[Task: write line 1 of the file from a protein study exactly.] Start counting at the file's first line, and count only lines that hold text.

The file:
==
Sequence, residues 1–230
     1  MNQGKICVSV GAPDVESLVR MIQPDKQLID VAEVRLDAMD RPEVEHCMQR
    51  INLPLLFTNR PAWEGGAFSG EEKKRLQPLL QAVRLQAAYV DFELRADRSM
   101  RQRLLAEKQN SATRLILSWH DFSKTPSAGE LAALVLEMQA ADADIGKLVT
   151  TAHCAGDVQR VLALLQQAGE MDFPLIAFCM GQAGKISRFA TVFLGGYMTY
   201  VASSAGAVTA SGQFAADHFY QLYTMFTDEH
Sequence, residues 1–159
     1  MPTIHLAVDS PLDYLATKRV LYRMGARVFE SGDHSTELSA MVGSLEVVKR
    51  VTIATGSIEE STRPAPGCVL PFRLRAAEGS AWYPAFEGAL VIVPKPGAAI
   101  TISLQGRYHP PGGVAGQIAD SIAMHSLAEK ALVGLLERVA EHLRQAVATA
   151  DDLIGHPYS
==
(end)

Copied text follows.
Sequence, residues 1–230